I am aware that a Catholic dis- fearfully shaken by events, which putant would attempt to free him- immediately followed the dispute self from the difficulty which this before Oswy. Four years later, paper may put before him, by Theodore, a monk of Tarsus of claiming the Scottish Missionaries Cilecia, was appointed to the see themselves, as the fruit of the la.. of Canterbury, by the authority of bours of St. Patrick, or of the the Pontiff Vitalian, while the monk Palladius. But it happens successive appeals of Wilfrid of somewhat unfortunately, that even York, from the decision of the the existence of the former eccle- English metropolitan, to the tribusiastic has been thought, by cer- nal of the Pope, were found to be tain antiquaries, to be rather pro- still more hostile to the ecclesiasblematical, and of the latter still tical freedom of the country. Such less is in any way reported. The also as may be disposed to laud views of either, therefore, as to the influence of papal Christianity matters of doctrine or discipline, on the ferocious passions of our may be justly considered as lost fore-fathers, will do well to ponder in the injst of those distant ages, over the history of the avowedly with wbich their names have been Christian Thanes of Northumbria, connected. Admitting the exist- during the eighth century. In that ence of these apostles, it remains brief interval, the sceptre passed to be proved, that the seeds of through the hands of fourteen the Gospel were until their day princes, of whom certainly not wholly unknown among the bar more than one escaped a death barous people, who are said to unconnected with violence or dishave been so greatly benefited grace. The crimes of the succesby their generous labours. It is sive aspirants shocked the humacertain that the Irish, the Scotch, nity of Charlemagne, and comand the Welsh believers, in the pelled him to denounce the Norseventh century, were contem- thumbrian nation as more despeplated by the papal Missionaries rate than pagans. Nor could the as of one faith and one order ;* civil liberties of a people have and equally certain, that their been of a very envious description, Christianity, come whence it may, which were so easily passed into was of a less pliant texture than the hands of such ecclesiastics as had at that period obtained among Dunstan and Odo. The reader, the nations of the west. The spirit also, who would see the debasing which dictated the rejecting of the effects of the monastic spirit on claims of St. Austin on the part of the feelings of a nation, may conthe Britons, was that which sug- sult Bede's epistle to Egbert, and gested the same line of conduct to the fulfilment of the Presbyter's the Scottish Missionaries in the de- prediction, as detailed in the rebates at Whitby. The point vir- volting story of the Danish inva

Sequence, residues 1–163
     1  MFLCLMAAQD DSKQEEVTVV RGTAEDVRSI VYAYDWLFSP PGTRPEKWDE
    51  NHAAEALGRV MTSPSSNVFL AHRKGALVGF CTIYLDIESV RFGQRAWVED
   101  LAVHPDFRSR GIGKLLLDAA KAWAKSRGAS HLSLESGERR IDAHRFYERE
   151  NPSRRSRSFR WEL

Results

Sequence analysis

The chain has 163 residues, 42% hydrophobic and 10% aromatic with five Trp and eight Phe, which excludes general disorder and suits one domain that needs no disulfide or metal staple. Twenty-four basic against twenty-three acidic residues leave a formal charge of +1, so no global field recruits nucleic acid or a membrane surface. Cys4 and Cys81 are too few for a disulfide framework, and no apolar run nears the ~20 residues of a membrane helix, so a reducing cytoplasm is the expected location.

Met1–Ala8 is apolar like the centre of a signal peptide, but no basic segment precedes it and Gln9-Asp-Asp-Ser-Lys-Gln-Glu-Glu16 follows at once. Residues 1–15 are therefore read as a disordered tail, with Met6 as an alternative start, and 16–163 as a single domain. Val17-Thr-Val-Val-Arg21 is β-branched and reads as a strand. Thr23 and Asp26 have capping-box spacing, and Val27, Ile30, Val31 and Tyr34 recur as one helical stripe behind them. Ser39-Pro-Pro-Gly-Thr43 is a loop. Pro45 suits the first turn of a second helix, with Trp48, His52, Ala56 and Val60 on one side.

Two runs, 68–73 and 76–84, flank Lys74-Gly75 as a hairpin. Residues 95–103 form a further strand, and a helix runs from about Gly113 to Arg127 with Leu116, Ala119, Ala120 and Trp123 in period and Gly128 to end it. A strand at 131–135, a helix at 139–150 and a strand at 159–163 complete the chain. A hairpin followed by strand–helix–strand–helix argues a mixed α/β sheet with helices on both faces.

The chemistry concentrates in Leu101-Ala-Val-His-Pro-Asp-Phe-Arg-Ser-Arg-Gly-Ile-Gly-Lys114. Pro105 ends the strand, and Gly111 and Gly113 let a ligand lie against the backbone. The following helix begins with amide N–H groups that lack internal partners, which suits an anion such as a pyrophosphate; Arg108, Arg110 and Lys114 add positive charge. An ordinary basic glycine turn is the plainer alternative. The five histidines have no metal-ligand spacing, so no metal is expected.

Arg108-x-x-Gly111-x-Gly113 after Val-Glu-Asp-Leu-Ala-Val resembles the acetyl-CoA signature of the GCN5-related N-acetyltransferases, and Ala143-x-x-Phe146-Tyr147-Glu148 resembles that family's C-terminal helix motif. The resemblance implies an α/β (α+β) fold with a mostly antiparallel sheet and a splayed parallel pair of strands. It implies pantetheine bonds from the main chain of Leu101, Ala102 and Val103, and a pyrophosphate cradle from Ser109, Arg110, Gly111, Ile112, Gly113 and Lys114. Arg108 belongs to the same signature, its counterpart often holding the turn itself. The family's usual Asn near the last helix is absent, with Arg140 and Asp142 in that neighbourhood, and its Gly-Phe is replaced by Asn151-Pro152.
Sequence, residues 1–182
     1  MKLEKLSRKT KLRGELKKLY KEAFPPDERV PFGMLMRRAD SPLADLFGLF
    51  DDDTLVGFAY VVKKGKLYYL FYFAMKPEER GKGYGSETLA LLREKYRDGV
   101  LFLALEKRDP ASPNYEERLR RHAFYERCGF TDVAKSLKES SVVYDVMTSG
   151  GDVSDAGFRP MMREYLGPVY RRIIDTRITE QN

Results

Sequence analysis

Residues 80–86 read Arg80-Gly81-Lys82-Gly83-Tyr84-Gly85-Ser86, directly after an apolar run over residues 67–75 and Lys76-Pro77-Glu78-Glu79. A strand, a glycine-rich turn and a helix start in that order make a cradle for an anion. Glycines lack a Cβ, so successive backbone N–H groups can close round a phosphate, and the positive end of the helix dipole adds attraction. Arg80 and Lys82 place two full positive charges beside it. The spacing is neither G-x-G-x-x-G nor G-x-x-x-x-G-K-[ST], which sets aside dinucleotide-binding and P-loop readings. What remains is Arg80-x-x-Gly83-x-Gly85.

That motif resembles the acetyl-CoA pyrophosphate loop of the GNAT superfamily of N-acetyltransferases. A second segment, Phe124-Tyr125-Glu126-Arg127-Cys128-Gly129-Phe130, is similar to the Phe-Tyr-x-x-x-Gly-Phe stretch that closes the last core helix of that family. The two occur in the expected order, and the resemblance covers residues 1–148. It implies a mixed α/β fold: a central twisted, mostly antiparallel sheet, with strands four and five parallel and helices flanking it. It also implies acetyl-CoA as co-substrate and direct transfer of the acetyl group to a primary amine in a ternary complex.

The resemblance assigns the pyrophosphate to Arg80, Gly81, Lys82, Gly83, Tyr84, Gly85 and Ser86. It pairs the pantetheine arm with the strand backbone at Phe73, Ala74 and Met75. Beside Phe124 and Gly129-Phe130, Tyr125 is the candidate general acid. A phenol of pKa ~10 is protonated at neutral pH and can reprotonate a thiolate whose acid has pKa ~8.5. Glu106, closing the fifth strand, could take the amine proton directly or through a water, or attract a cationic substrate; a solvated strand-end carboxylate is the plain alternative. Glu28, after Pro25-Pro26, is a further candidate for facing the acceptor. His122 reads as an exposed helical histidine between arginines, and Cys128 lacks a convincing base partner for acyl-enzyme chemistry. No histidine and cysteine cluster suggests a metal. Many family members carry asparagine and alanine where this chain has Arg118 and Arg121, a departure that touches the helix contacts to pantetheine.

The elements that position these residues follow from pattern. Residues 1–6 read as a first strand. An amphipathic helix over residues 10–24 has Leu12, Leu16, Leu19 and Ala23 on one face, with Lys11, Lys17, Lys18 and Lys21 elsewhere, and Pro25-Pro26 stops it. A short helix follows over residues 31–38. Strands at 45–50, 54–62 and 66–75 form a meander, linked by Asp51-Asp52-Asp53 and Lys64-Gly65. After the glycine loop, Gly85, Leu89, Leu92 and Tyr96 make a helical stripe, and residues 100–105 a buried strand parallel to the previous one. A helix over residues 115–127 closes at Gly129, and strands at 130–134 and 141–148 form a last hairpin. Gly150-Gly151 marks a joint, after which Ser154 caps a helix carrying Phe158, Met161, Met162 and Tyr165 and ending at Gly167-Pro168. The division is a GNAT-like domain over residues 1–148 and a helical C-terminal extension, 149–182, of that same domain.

sions. In a word, of the princes * Usber's Religion of the Ancient Irish